Ever wanted to film something super cool, in super slow motion? Well then look no further than Super SloMo from Nvdia! Their CNN estimates intermediate video frames and is capable of transforming standard 30fps videos into awesome looking slow motion at 240fps! The model estimates the optical flow between frames and uses it to cleanly interpolate video frames so that the slow motion video looks crisp and sharp.
Probably the coolest research paper name ever! The idea here was to try and model the thoughts and actions of a dog. The authors attach a number of sensors to the dog’s limbs to collect data for its movement; they also attach a camera to the dog’s head to get the same first-person view of the world that the dog does. A set of CNN feature extractors are used to get image features from the video frames, which are then passed to a set of LSTMs along with the sensor data to learn and predict the dog’s actions. The very new and creative application, along with the unique way the task was framed and carried out make this paper an awesome read! Hopefully it can inspire future research creativity with the way we collect data and apply deep learning techniques.
There’s been a lot of great computer vision research coming from Kaiming He’s group (previously at Microsoft Research, now at Facebook AI Research) over the last few years. What’s been great about their papers is the combination of creativity and simplicity. Both ResNets and Mask R-CNN weren’t the most crazy or complex research ideas. They were simple and easy to implement, yet highly effective in practice. This one here is no different.
Learning to Segment Every Thing is an extension of the Mask R-CNN which gives the network the ability to segment objects from classes not seen during training! This is extremely useful for obtaining quick and cheap annotations for datasets. The fact that it can get some generally strong baseline segments of unseen object classes is critical for being able to deploy such segmentation networks in the wild since in such an environment there may be many unseen object classes. Overall, it’s definitely a step in the right direction of how we can think to get the most out of our deep network models.
This paper should win the award for best timing with it being publishing right when the FIFA World Cup is on! It really is one of the “cooler” applications of computer vision at CVPR. In a nutshell, the authors trained a model that, given a video of a soccer game, can output a dynamic 3D reconstruction of that game. That means you can then view it anywhere using Augmented Reality!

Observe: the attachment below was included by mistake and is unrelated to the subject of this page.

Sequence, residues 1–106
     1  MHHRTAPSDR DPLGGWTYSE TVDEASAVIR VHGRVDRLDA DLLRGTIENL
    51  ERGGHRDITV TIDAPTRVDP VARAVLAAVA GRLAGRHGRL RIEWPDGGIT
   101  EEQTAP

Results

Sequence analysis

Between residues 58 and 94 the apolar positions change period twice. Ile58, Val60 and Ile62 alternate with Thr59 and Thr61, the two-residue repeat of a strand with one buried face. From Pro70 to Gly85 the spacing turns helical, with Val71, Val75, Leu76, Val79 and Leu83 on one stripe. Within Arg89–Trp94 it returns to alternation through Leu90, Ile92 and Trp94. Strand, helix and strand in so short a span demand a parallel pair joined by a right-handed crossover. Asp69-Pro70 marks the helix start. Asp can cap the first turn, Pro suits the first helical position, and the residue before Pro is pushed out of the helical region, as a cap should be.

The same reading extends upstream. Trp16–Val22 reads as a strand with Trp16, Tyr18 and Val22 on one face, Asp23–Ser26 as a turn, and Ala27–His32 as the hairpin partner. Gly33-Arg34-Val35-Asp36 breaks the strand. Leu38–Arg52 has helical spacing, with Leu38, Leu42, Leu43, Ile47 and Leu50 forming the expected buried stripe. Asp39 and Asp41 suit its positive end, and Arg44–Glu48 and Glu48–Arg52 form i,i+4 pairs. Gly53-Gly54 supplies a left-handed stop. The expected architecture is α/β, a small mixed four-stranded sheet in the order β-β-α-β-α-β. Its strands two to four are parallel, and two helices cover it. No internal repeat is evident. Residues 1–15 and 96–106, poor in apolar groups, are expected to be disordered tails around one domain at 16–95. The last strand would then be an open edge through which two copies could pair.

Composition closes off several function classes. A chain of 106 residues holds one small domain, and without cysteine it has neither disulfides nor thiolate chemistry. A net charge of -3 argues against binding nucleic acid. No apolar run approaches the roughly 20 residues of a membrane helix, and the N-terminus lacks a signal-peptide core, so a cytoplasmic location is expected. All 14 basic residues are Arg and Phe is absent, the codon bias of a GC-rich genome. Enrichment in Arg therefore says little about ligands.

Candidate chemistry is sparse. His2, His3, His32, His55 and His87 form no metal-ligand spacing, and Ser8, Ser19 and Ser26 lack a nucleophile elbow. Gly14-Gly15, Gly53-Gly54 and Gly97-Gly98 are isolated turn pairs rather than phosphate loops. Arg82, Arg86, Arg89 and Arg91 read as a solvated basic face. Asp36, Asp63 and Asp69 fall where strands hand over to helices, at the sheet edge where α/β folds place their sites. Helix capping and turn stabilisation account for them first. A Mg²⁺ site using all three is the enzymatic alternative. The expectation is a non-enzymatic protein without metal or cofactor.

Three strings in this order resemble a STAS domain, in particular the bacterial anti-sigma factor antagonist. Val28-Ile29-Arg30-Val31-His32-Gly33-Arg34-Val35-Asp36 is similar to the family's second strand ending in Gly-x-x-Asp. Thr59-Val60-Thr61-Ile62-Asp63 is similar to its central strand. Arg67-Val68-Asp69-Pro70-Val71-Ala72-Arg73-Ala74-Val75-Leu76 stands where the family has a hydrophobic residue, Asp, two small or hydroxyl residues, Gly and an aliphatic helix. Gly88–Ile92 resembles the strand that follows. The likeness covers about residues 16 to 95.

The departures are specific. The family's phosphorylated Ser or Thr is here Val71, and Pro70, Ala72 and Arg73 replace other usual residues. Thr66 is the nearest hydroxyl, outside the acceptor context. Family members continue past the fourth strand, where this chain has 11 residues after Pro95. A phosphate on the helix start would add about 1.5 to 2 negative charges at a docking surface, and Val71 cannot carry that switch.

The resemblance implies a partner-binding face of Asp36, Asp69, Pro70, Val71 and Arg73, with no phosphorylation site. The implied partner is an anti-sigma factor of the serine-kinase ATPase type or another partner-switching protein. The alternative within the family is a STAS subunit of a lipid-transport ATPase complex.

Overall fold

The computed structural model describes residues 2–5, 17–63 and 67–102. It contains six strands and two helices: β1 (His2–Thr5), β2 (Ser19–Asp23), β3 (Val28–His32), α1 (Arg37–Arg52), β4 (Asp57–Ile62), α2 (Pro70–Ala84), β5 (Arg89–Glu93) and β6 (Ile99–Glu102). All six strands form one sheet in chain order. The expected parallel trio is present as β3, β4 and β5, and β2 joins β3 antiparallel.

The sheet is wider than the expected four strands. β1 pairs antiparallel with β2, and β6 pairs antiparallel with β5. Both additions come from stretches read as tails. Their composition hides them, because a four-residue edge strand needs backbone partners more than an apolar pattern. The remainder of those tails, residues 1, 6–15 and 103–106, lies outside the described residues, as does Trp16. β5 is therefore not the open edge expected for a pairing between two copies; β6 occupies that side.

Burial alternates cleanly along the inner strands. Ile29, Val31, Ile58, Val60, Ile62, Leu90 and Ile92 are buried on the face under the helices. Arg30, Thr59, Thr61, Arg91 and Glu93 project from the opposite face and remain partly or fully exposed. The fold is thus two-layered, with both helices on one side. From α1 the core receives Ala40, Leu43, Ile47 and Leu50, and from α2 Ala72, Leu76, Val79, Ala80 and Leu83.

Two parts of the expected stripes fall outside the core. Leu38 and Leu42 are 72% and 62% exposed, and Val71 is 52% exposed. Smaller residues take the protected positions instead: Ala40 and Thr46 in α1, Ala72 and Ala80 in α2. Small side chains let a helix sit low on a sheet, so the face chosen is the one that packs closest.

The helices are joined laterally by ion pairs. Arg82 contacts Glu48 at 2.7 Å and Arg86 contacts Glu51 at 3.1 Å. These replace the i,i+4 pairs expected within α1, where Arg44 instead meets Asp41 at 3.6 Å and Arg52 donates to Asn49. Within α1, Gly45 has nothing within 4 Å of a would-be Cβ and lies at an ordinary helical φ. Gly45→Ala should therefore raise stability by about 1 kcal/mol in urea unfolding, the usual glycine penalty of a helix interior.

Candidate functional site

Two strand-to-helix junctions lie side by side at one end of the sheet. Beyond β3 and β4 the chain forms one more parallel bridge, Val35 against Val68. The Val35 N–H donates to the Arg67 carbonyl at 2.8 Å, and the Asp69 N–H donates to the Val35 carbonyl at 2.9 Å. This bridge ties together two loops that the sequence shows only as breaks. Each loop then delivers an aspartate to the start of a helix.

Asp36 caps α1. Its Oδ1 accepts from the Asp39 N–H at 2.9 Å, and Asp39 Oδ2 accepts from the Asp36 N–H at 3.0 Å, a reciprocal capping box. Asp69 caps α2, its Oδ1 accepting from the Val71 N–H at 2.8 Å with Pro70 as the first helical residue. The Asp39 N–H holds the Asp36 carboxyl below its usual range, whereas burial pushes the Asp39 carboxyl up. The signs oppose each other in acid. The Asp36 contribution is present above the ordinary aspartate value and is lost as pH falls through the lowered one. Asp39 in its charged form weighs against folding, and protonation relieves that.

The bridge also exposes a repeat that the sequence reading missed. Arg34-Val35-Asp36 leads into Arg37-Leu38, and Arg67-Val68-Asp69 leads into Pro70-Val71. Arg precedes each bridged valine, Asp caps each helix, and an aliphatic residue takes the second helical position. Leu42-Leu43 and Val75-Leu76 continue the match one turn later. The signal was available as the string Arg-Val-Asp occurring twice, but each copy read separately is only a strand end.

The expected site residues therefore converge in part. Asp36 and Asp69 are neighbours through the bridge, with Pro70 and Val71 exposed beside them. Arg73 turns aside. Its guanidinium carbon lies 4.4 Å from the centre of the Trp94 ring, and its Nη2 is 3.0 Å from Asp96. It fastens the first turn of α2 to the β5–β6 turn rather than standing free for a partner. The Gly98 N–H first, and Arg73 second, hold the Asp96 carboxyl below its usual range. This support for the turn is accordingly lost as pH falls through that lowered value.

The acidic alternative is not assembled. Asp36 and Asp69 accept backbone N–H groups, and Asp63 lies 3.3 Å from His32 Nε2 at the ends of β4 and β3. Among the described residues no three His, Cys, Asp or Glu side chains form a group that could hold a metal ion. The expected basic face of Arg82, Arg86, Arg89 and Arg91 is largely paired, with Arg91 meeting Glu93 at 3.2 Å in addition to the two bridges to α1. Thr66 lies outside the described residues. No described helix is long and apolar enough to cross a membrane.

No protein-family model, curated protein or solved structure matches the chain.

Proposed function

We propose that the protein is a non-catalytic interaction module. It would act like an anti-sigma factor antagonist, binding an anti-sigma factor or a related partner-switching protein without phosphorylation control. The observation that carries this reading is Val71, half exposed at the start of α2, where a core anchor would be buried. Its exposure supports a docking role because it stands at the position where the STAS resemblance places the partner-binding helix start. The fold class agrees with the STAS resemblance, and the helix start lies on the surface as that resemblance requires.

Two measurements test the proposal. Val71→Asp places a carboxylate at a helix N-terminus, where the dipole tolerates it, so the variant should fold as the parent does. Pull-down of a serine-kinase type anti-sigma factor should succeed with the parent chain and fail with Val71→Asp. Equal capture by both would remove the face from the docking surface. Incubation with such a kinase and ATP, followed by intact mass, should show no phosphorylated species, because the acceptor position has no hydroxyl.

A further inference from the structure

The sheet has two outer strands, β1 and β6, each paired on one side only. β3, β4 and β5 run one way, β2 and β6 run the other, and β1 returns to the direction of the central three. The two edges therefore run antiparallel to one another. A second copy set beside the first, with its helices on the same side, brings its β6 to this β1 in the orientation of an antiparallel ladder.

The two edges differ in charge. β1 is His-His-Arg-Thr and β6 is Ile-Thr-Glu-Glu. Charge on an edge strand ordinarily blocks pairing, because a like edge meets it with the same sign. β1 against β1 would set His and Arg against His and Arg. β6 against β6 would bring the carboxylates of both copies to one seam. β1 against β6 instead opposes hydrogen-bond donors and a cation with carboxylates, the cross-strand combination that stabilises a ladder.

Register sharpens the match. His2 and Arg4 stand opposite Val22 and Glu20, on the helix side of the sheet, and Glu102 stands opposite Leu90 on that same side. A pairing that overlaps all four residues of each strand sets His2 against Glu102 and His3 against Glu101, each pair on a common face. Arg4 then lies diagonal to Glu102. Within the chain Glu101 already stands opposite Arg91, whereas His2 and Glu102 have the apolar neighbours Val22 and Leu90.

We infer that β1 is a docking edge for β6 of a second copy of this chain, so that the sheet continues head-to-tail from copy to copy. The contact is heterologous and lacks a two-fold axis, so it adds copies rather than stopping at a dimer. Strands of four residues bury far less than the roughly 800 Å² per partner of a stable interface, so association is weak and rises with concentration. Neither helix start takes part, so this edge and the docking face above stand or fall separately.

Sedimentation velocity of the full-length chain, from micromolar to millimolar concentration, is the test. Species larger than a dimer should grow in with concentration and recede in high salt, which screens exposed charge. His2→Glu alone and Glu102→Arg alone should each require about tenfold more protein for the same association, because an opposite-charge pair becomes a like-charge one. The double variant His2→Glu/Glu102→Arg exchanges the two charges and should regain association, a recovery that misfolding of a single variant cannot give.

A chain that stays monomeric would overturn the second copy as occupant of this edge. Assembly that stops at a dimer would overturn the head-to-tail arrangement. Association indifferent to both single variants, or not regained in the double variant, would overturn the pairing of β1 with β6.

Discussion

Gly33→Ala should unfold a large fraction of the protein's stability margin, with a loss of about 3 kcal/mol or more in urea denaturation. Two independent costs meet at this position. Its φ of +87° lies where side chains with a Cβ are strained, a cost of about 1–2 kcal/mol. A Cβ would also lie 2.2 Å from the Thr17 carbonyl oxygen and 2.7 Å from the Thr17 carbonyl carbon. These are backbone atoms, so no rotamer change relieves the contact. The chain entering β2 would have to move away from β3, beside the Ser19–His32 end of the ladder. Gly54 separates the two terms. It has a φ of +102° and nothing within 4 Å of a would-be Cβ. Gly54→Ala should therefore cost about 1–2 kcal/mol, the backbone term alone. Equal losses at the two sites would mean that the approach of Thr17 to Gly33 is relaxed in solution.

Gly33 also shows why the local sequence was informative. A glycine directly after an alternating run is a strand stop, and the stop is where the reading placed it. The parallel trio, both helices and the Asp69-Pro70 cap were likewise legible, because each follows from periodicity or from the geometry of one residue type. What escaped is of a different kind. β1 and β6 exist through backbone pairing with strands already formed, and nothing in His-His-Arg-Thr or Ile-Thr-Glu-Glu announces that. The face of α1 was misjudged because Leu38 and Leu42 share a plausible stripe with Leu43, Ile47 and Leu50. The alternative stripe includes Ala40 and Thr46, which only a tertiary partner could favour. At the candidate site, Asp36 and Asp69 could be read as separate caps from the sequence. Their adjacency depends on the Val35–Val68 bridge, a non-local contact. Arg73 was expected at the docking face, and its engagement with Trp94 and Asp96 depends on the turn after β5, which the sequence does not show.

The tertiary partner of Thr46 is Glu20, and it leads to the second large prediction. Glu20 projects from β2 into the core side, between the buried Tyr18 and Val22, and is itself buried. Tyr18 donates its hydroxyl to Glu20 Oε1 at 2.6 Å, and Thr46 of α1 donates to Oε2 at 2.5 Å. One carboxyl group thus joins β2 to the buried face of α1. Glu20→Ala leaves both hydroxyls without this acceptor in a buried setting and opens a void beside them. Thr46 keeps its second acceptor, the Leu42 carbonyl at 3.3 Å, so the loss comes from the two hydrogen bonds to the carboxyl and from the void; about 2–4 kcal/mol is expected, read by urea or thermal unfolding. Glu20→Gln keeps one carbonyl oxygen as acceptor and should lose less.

The really clever part is the combined use of many different types of information. The network is trained using video game data from which the 3D meshes can fairly easily be extracted. At test time, the bounding boxes, poses, and trajectories (across multiple frames) of the players are extracted in order to segment the players. These 3D segments can then easily be projected onto any plane (in this case you can just make any virtual soccer field!) for watching a soccer game in AR! In my view, it’s sort of a clever way of using synthetic data for training. Either way it’s a fun application!
This one is a computer vision application that many of us have likely thought of at one time or another: use a camera to take a picture of something, and then reconstruct that thing in digital 3D. That’s exactly what this paper is going for, specifically for 3D reconstructing rooms. They use panorama images as input in order to get a full view of the room. The output is a 3D reconstructed room layout with fairly good accuracy! The model is powerful enough to generalize to rooms of different shapes and containing many different furniture items. It’s an interesting and fun application that you don’t see too many researchers working on in computer vision, so it’s nice to see.
Last but not least is what many consider to be the future of deep learning: Neural Architecture Search (NAS). The basic idea behind NAS is that instead of manually designing the network architecture, we can use another network to “search” for the best model structure. The search will be cleverly based on a reward function that rewards the model for performing well on the data set it is being validated on. The authors show in the paper that such an architecture can achieve better accuracy than manually designed models. This will be huge in the future especially for design specific applications since all we’ll have to really focus on is designed a good NAS algorithm, rather than hand designing a specific network for our specific application. A well designed NAS algorithm will be flexible enough to find a good network for any specific task.
repost with permission. source